Understanding Systemic Sclerosis (SSc) and SCOT
- Download the monograph, Systemic Sclerosis and the SCOT Study (pdf)
Introduction to SCOT and the Investigational Approaches
The SCOT study is a pivotal, prospective, randomized, clinical research study for individuals with diffuse systemic sclerosis (SSc). Subjects between the ages of 18 and 69 years (inclusive) will be enrolled across North America and randomly assigned in a 1:1 ratio to one of two groups:
The active procedure period will be approximately 3 months. All subjects will be followed up to 54 months after randomization.
Rationale for Autologous Transplantation
- Systemic sclerosis is an autoimmune disease, and disease effectors include mature lymphocytes
- High-dose therapy may eliminate or substantially reduce effector population
- Re-establish hematopoiesis and immunity from progenitors
- Data from pilot study support potential efficacy of HDIT
The active procedure period will be approximately 12 months. All subjects will be followed up to 54 months after randomization.
Rationale for High-Dose Cyclophosphamide
- Cyclophosphamide is widely used by clinicians in the treatment of SSc, although at lower doses. Standard doses of cyclophosphamide are 0.5-1.0 g/m2. The initial dose to be used in SCOT is 500 mg/m2 and 750 mg/m2 for all subsequent doses. A total of 12 monthly doses will be administered.
- Data from non-randomized studies support the potential efficacy of high-dose cyclophosphamide in SSc
- Current data suggest high-dose cyclophosphamide has an acceptable safety profile
- Cyclophosphamide schedule in SCOT is similar to the schedule in the ongoing, European ASTIS trial, which will allow eventual comparison of the 2 studies
The primary study endpoint for the SCOT study is "event-free" survival at 54 months after randomization. Events are defined as:
- Respiratory failure
- Chronic renal dialysis
- Cardiomyopathy (NYHA heart failure class III or IV) or LVEF < 30% by echocardiogram sustained for 3 months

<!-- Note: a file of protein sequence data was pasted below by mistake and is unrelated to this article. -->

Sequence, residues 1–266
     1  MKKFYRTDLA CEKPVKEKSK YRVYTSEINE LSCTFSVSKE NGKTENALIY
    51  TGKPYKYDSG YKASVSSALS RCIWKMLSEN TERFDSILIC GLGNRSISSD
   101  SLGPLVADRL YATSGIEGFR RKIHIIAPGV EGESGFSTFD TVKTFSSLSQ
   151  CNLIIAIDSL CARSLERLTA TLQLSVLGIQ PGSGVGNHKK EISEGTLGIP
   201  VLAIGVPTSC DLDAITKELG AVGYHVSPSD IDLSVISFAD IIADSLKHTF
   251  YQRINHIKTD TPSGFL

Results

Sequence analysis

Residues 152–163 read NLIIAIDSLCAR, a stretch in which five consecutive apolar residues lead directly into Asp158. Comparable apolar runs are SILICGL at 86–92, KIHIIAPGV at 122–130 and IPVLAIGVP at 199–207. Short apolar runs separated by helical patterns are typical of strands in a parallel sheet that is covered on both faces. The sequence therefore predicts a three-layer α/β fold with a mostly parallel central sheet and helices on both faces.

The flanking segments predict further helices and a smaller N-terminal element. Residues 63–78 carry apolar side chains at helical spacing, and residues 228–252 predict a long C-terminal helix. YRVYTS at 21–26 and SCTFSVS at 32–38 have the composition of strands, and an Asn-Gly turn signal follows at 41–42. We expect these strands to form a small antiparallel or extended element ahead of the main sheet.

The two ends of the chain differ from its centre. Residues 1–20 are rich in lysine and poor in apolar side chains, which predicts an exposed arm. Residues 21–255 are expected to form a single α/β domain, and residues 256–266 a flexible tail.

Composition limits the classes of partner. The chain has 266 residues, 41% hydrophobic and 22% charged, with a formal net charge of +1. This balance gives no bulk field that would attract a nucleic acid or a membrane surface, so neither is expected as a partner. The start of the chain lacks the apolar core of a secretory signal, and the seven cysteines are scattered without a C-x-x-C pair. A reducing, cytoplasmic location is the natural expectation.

Risks and Potential Side Effects
Serious side effects, including death, have been associated with these study procedures. Past experience has shown that approximately 5–10% of the individuals who receive autologous (self) stem cell transplant die from transplant complications.
Other potential side effects associated with these study procedures include nausea, vomiting, stomatitis, diarrhea, alopecia, decreased appetite, fatigue, leukopenia, thrombocytopenia, increased risk for carcinogenesis, increased risk for major organ damage, and sterility.
The SCOT study will serve as the framework to research the mechanisms of disease in SSc and its response to the two different regimens being studied. Investigators will profile immune function before and serially after intervention and correlate findings with outcome. In addition, basic investigations will detail:
- Molecular mechanisms of fibrosis
- Vascular progenitor cells and endothelial activation
- Autoantibody microarray profiles
- Cyclophosphamide pharmacokinetics
- Immunology of SSc lung disease
- CMV and TOPO-1 specific tetramers
- Microchimerism in autoimmune disease
In future investigations, PBMC, RNA, and DNA samples will be stored in a repository.
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